By Adam Szreter at the Arena AufSchalke
FC Porto became only the second side to win the UEFA Cup and the European Champion Clubs' Cup in successive seasons when they carried off the continent's premier club prize for the second time in their history.
Seventeen years on from their 2-1 victory against FC Bayern München in the old European Cup final, goals by Carlos Alberto - the third youngest player ever to score in the final - and then Deco and Dmitri Alenichev in the second half wrote another proud chapter in their history. For Monaco, an early injury to their captain Ludovic Giuly hampered their progress and made it an uphill battle, one they inevitably lost.
Didier Deschamps bolstered his midfield with the inclusion of Edouard Cissé rather than Croatian striker Dado Pršo, while Hugo Ibarra was given the chance to face his former club in place of Sébastien Squillaci, with Gaël Givet moving into central defence alongside Julien Rodriguez. For Porto, the 19-year-old Carlos Alberto got the nod to partner fellow Brazilian Derlei in attack, ahead of South African Benni McCarthy.
Following much pre-match speculation, Monaco captain Giuly took up a central attacking position from the start, and four times in the opening three minutes his pace nearly caught Porto cold. On three occasions the experience of his opposite number Jorge Costa was just enough to keep him at bay as he darted through, but once, from Lucas Bernardi's searching pass, Vítor Baía had to race from his goalline to effect a risky last-ditch tackle.
Grateful for Givet
Porto responded and Monaco were grateful for Givet's composure, first when he cleared a low cross after a jinking left-wing run by Carlos Alberto; then when he blocked Deco's shot following Flavio Roma's weak punch; and finally when he arrived in the nick of time as Rodriguez struggled to hold off Derlei as the striker chased a high ball forward.
But Giuly now came into his own as a playmaker with some deft touches on the edge of the Porto area, setting up Cissé whose cross was tantalisingly out of reach of Bernardi's outstretched leg, then providing Jérôme Rothen with a chance to cross from the other flank but this time Fernando Morientes was just out of range.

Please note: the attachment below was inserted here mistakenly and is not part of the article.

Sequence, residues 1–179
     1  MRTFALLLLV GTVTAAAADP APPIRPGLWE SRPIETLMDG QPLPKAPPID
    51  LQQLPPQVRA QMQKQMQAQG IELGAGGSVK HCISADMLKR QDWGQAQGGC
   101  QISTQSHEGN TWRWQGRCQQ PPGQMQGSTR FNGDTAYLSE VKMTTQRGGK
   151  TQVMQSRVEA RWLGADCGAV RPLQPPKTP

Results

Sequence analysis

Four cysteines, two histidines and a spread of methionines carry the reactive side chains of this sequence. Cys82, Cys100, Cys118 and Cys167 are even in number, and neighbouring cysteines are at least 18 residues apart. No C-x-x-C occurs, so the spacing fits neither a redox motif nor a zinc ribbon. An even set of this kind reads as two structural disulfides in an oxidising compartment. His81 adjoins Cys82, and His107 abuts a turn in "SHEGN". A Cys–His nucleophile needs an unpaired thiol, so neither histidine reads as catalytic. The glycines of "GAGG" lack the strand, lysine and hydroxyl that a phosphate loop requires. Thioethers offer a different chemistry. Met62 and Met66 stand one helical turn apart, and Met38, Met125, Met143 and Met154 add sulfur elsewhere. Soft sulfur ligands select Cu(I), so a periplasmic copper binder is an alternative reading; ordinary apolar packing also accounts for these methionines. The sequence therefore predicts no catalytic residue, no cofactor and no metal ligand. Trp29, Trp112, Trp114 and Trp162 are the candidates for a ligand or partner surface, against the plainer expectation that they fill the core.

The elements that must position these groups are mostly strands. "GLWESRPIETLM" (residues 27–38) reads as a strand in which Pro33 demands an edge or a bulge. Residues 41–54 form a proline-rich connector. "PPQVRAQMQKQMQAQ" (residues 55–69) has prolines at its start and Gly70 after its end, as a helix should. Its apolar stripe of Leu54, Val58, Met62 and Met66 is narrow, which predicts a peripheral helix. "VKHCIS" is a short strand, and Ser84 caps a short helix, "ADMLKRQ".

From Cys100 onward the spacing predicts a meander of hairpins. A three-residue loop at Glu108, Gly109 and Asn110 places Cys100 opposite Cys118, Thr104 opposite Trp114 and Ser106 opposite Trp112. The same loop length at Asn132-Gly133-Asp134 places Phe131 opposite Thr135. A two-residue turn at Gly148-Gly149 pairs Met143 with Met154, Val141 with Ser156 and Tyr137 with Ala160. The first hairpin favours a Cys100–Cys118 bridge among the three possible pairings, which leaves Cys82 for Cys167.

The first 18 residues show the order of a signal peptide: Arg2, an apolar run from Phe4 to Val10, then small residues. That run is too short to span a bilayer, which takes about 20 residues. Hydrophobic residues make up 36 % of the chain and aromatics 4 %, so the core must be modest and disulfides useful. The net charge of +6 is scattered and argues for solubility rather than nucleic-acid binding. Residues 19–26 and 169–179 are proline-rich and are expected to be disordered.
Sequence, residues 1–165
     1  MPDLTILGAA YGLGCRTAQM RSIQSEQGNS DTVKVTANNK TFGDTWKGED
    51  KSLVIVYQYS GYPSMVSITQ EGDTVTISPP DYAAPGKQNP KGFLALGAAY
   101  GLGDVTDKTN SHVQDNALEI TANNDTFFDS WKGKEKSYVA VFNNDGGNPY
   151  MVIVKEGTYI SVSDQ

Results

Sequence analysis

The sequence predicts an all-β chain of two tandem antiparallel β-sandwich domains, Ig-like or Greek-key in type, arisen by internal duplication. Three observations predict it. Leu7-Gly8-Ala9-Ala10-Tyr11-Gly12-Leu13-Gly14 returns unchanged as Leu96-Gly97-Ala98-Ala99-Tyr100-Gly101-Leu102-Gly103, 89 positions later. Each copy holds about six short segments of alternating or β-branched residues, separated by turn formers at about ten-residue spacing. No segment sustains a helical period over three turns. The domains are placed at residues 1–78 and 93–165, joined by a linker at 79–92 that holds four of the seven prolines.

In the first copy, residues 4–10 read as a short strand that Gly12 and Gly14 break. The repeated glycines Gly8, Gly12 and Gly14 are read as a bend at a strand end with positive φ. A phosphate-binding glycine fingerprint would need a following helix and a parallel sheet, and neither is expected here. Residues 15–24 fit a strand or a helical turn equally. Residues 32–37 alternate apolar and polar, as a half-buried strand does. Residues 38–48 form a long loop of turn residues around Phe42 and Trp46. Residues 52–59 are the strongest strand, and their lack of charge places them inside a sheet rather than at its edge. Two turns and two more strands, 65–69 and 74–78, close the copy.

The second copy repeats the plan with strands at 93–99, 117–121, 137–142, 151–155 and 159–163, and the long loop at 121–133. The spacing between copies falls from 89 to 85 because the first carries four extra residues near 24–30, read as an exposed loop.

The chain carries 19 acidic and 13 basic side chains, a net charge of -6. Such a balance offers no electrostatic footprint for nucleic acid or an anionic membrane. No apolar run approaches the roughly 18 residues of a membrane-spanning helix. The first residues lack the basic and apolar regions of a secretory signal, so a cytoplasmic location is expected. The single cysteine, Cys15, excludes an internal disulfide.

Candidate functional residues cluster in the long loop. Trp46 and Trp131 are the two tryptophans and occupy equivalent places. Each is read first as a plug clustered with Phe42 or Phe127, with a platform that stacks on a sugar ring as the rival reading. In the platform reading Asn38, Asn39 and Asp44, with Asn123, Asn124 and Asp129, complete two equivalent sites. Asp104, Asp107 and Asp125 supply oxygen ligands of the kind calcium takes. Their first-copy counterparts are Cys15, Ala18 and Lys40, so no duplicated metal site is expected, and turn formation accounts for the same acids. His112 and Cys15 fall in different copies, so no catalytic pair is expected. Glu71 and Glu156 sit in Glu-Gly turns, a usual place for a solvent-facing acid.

Sadly for Monaco, it was to be nothing more than a cameo from their captain as, after just 22 minutes he limped out of the game clutching his midriff, handing the armband to Rodriguez and being replaced by Pršo. Undeterred, Monaco kept their momentum and Nuno Valente became the first player to be booked after a clumsy foul on Cissé, then Morientes was adjudged offside from another astute pass from Bernardi.
Carlos Alberto strikes
The pendulum swung Porto's way when Rothen lost possession to Paulo Ferreira who charged up the right flank and crossed to the near post where Rodriguez just beat Deco to the ball. Five minutes later though Porto took the lead from the same source. This time Paulo Ferreira's cross was a lofted one and it found Carlos Alberto. Unselfishly, he tried to lay the ball off to Derlei but the ball bounced back to the teenager off the hapless Akis Zikos and this time it was despatched with aplomb past Roma's left hand.
Up to that point, five minutes from the interval, there had been little to choose between the teams, but in the opening period of the second half Monaco looked shell-shocked, a goal down and minus the inspirational Giuly. Gradually however they crept back into contention as Porto failed to capitalise and only another marginal offside verdict denied Morientes an equaliser.
On the hour Porto coach José Mourinho withdrew Carlos Alberto in favour of Russian midfield player Alenichev, and four minutes later Deschamps brought on his Congolese striker Shabani Nonda in place of Cissé as Monaco threw caution to the wind.
But as their forays began to founder on the edge of the Porto area, the chance of a decisive counterattack grew more likely. And so it happened when, in the 71st minute, Deco broke clear and found Alenichev on the left. The Russian put the ball straight back into the playmaker's path and Deco stroked home Porto's second.
Four minutes later the game was as good as over. This time it was Derlei who broke free, and he found Alenichev courtesy of a cross that deflected off Squillaci, by now on for Givet. Alenichev needed no second invitation as he drove the third nail in Monaco's coffin.